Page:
New York State Comptroller Thomas DiNapoli has continuously been critical of IDA practice statewide. You can access actual NYS IDA audits online and read how few real jobs have been created for the large tax breaks received. Mr. DiNapoli is currently sponsoring legislation that would provide taxpayers with the ability to evaluate if the IDAs are deriving the promised economic benefits, as they state. In cases where criteria are not met and jobs are not forthcoming, benefits can be “clawed-back.”

There are many fine regional examples of IDAs that share, and are proud of, their ability to grow their town’s economic base. If one were to access the Town of Islip, there is a transparent website explaining their projects, current and past, at islipida.com. They celebrate and share their success stories openly; financial reports and projects are there for all to see. In Islip Town, IDA board members and Town Board members are one and the same. They are directly responsible to the taxpayers.

Contrast theirs with ours at www.riverheadida.org and click on the “Projects” tab. There is nothing there. Information is unknown. There is no transparency for the taxpayer. This has become another runaway train.

Here’s the bottom line: Businesses that come to town immediately create the need for the additional services listed in my opening paragraph. Since the business’ taxes are abated, the burden of providing those services fall on the taxpayer. It’s time to re-evaluate the Riverhead Industrial Development Agency and send the responsibilities of the Riverhead IDA back to the Town Board.

Ann Cotten-DeGrasse is a Riverhead resident and current president of the Riverhead school board. She is running a Democratic primary for town supervisor.

08/12/13 12:20pm
08/12/2013 12:20 PM
NEWS-REVIEW FILE PHOTOS | Ann Cotten-DeGrasse and Angela DeVito

NEWS-REVIEW FILE PHOTOS | Ann Cotten-DeGrasse and Angela DeVito

There will be a Democratic primary for Riverhead Town supervisor between party designee Angela DeVito and challenger Ann Cotten-DeGrasse.

The Suffolk County Board of Elections on Friday failed to have unanimous support between its two commissioners for the challenge to Ms. DeGrasse’s nominating petitions and because of this, the petition is deemed valid.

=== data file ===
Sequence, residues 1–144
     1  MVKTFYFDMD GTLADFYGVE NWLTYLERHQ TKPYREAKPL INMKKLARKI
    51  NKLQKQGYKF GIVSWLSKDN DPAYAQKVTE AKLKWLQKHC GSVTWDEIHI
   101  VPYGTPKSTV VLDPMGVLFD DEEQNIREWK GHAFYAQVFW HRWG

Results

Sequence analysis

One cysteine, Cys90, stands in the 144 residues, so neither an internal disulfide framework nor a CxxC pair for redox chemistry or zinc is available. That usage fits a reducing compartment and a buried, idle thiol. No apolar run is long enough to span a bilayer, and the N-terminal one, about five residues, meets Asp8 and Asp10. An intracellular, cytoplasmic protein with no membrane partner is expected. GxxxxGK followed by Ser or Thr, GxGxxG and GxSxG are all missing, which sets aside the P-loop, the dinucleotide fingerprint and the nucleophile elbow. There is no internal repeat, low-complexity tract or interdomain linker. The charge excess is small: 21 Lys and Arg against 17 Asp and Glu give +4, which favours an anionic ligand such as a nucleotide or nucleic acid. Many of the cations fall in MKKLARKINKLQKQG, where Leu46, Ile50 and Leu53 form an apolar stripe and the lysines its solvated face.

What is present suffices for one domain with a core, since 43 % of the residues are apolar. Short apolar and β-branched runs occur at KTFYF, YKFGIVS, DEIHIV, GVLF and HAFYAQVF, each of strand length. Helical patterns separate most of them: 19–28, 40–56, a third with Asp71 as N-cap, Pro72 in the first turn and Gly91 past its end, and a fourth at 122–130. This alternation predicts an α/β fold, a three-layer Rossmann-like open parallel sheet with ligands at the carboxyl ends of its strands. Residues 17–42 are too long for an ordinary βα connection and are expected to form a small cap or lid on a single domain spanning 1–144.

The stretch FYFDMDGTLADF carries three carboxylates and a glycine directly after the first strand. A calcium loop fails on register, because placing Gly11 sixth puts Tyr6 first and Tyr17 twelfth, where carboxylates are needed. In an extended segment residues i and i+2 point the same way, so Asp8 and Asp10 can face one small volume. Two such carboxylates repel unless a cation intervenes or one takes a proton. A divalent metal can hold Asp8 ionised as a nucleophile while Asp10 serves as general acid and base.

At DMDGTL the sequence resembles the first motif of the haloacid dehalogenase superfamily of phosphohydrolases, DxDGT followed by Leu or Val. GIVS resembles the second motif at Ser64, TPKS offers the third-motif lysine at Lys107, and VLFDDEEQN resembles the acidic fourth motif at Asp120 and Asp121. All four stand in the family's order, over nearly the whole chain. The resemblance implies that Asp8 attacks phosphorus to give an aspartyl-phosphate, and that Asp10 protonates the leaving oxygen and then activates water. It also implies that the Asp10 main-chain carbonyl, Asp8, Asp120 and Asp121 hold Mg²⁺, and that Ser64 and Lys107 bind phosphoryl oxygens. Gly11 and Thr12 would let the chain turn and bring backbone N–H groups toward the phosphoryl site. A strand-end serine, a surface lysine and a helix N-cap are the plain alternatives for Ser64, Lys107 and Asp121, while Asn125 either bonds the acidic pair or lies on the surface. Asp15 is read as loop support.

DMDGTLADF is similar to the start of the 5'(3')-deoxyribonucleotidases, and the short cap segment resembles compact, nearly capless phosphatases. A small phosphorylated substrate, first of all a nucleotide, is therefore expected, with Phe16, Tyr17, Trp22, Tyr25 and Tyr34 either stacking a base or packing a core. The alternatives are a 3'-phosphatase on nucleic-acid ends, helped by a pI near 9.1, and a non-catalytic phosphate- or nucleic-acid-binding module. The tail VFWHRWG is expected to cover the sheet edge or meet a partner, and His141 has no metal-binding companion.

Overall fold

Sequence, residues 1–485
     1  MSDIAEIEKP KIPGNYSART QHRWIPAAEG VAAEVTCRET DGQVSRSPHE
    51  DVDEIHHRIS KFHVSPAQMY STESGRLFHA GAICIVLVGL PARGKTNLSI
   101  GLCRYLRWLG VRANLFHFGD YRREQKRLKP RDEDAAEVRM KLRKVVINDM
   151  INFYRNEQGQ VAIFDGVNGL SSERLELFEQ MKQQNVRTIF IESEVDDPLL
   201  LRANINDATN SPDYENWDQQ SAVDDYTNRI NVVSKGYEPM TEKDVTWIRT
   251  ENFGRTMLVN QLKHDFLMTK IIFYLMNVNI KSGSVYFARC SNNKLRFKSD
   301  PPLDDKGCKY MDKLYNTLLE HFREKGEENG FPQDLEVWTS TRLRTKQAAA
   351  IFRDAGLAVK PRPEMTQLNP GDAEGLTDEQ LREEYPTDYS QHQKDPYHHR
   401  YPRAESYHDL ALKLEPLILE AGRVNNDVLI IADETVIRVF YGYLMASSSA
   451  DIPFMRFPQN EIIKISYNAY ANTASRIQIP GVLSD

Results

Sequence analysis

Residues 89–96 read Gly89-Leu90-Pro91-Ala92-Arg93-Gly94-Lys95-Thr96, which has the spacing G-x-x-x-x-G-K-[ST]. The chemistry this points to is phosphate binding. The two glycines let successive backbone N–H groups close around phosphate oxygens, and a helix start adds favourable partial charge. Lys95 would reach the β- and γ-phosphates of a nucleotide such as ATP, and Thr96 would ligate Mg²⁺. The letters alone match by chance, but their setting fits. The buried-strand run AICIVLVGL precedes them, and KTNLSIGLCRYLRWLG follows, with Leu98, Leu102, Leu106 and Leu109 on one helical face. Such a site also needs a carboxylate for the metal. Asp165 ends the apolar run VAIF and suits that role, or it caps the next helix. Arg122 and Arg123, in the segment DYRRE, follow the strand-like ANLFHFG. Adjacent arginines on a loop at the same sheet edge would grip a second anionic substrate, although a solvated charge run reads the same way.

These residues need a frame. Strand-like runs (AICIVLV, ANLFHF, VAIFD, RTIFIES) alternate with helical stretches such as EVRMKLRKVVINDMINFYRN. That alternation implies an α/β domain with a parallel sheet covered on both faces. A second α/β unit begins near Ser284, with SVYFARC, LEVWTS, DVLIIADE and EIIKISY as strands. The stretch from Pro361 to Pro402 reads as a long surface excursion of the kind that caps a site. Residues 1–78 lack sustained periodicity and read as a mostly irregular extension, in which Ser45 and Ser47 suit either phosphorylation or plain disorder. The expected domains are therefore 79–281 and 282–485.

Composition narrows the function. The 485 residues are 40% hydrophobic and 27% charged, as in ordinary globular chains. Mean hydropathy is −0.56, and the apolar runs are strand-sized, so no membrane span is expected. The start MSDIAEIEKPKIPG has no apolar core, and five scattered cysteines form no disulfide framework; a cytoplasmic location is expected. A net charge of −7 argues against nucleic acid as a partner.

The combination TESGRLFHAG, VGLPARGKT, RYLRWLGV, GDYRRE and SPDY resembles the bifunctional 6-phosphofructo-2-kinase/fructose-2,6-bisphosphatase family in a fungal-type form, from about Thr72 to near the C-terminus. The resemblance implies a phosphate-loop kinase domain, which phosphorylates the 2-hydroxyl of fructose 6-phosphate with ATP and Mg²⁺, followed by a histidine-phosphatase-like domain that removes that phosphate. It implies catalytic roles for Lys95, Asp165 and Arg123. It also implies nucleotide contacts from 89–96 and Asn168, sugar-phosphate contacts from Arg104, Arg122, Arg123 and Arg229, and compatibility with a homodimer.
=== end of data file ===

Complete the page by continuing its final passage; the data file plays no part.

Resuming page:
Suffolk County Democratic Commissioner Anita Katz supported the challenge, while Republican Commissioner Wayne Rogers did not. In order for a challenge to be valid, both commissioners must agree.

Ms. DeGrasse’s petitions were challenged by three registered Democrats in town, largely on the issue of her address, which she listed as 8 Legend Lane in Jamesport. The town several years ago changed her house number to 37 for the e-911 emergency system, and people in Jamesport who get mail delivered to their houses get mail from the Riverhead Post Office, not the Jamesport one, so challengers stated her address should have been listed as Riverhead, not Jamesport.

Michael Panchak

Michael Panchak

Meanwhile, Michael Panchak, who was the Republican party nominee for highway superintendent, is officially off the ballot on that line, according to county officials.

He did not challenge a court ruling bumping him from the ballot within the allotted three days, officials said.

Mr. Panchak is a registered “blank,” meaning he has no political party affiliation, and as such, he needed a certificate of authorization from the county Republican leadership in order to appear on the Republican ballot, and he did not have their certificate.